Douglas Williamson: Urban Theology

Between two Thieves. Photo by Collin Orthner

After the Pitch-In event on Saturday morning, I was able to head down to Wallace Galleries and hear an artist talk by Douglas Williamson.  It was so inspiring that I’m certain this week I will continue to think about both the art and the ideas shared by Doug.  The works are luminous and yet gritty, as they deal with the subject of our humanity, both internal/spiritual landscapes and the external/physical landscapes of our surroundings.  An awesome exhibit that continues until May 9. 

Reading the Word. Photo by Collin Orthner

Saying Good-Bye to Frank’s Flats: Canada Wide Pitch-in Week

I celebrated my experience of stewardship for one piece of the landscape with a small team of volunteers on Saturday afternoon.  We participated in the Pitch-in, a Clean Sweep that was happening right across Canada!  Here are photos of paricipants in Dryden, Ontario; Lacombe, Alberta; Hanna, Alberta and if you take a google on the information highway, you will see that participants worked this past week in every province and territory to change their landscape and do a Clean Sweep!  I feel very proud of my team for their efforts and their support. 

We went out on Saturday morning, after an orientation around my feast table at home. 

A hearty breakfast served, with gratitude.

We were granted beautiful weather and except for a section of property that was swamped by two days of rain, we were able to do a clean-sweep of Bishop O’Byrne highschool’s slope and a quick pick up on the flats.  We were witness to the mating dances/songs of Merganser Ducks on the water, as well as enjoyed this spring’s first siting of a heron in flight.  It was a truly wonderful time.

From the boundary of 'my landscape', looking down at a couple of members of team members.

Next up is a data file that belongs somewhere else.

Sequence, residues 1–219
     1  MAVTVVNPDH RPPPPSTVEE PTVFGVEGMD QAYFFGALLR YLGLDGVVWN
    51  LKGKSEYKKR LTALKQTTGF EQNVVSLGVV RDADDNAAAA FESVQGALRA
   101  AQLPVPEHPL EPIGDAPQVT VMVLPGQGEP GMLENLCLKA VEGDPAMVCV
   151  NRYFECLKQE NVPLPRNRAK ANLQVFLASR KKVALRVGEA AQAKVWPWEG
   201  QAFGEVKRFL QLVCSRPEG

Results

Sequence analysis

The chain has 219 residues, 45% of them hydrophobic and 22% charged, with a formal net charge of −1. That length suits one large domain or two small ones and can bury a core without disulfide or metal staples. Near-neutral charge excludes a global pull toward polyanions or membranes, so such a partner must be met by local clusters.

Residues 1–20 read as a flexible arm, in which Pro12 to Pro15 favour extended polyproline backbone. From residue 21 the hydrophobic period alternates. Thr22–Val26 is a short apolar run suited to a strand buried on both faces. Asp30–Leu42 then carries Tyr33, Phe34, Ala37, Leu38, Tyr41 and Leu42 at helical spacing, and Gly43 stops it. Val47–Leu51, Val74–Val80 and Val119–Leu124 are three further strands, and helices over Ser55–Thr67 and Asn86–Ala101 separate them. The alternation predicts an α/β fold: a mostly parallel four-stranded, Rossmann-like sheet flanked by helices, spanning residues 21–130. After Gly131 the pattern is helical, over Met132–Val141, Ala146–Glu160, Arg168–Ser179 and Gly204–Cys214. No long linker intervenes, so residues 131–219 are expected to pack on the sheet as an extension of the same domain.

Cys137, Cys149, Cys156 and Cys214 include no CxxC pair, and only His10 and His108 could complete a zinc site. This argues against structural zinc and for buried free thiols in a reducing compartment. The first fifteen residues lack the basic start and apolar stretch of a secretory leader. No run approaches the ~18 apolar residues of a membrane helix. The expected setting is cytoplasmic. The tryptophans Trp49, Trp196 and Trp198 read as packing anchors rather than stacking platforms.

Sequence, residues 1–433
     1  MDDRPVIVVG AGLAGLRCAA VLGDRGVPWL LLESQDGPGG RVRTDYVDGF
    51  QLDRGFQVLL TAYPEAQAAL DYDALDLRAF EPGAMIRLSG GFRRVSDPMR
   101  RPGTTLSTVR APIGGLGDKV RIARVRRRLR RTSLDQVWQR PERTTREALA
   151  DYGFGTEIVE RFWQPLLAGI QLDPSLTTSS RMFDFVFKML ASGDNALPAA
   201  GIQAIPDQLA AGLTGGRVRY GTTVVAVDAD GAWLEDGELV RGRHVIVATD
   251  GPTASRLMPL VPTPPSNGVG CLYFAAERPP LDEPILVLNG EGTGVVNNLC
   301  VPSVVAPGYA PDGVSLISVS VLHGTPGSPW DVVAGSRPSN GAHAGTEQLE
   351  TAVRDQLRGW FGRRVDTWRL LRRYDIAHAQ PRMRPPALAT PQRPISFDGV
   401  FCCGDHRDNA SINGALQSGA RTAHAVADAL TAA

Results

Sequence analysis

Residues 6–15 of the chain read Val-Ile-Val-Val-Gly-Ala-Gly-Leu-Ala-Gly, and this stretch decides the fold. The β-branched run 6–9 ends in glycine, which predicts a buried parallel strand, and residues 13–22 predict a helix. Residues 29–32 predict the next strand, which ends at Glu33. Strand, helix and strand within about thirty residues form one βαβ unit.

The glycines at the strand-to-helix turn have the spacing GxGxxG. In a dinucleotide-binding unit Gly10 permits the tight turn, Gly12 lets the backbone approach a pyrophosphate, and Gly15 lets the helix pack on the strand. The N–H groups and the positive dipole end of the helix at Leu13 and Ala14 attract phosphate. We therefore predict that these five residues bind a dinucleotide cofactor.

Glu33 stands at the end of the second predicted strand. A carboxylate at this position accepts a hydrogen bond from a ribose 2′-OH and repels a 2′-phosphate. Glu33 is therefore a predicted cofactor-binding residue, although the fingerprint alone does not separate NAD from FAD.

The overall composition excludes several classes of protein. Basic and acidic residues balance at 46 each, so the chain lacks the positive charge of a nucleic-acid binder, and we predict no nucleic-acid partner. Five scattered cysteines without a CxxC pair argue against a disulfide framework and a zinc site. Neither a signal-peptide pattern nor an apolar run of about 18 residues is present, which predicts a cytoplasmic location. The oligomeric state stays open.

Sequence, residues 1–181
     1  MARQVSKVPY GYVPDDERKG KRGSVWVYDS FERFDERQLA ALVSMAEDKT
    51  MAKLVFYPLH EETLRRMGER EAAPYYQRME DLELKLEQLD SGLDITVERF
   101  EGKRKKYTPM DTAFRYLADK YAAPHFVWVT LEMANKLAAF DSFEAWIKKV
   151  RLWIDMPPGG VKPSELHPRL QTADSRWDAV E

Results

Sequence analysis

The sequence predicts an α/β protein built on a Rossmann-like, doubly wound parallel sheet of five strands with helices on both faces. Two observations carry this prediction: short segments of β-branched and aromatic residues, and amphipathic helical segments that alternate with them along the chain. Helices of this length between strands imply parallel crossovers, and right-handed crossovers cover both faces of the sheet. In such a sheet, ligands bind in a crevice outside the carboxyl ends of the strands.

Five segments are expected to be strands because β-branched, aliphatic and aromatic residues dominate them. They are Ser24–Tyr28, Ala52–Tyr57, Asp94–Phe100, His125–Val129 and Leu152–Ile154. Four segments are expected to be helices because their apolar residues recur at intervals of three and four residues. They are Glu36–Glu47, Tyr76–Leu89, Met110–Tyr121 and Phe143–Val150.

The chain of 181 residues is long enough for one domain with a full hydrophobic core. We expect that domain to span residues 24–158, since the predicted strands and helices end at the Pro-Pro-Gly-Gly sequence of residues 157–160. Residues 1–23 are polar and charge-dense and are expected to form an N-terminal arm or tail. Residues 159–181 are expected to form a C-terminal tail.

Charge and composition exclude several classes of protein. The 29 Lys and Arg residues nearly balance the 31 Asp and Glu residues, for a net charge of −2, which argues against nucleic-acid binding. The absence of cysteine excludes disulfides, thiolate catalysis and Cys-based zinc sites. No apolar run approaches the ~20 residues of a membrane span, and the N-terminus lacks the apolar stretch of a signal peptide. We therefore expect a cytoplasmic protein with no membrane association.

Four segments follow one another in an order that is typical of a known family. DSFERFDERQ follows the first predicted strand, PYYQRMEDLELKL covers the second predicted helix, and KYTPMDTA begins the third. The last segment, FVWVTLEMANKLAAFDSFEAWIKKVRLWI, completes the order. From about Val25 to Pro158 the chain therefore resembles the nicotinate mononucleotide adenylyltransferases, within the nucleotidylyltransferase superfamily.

Here are a couple of team members on the flats.  I felt so proud and happy.  After all of these months of work on this site, it was nice to have the company of others and to hear them saying the things that I had been saying in my head every single day.

Thank you, team!

There were some interesting finds…not much that I hadn’t found before.  In total yesterday, five lighters.  A discus.  Many granola bar wrappers.  I managed to haul another large piece of foam insulation out of the pond’s edge.

A Great group!

It was rewarding having others share the efforts because at the conclusion of a set amount of time, we had six bags of litter instead of one!  Whoot!  Whoot!  There’s rarely a photo opportunity where claymation-master, Kristen, doesn’t take the chance to make a face!  That’s her on the left.


And so, the Changing the Landscape: One Bag At a Time comes to a close.  I have my Drive By Shootings (filming) project in the works and still wish to contact the CPR regarding their position on garbage alongside their tracks…and apart from that, I’m going to be hitting the paint brushes…tending to the internal landscape for awhile.  I’ve learned so much by being so completely ‘in touch’ with a small part of our environment.  I hope that there will be many more stewards of Frank’s Flats in the future and that while they enjoy this space and spend time observing nature,  they will not take any of its beauty for granted.

Throwing in the towel AND TWO RUBBER GLOVES!

Proofread carefully to see if you any words out. Author Unknown

The Shipping News: Annie Proulx

I found this to be one of the most fascinating books that I’ve read in a long time.  A book that flows nicely, The Shipping News provides complex underlying themes by introducing small exerpts from the 1944 Ashley Book of Knots at the beginning of each chapter.  As I entered into the final chapters, these reflections truly became relevant and contributed greatly to the success of the book.  Set in the rich, always-changing, land/seascape of Newfoundland, I felt that in a very honest way, I finally had some inkling of what life has been for Newfoundlanders.  Issues of overfishing, development, weather, economic struggle and family life were pieces of thread, knotted together into a very satisfying narrative.  A VERY ‘magical’ read!

I want to see this movie!

Blue Glass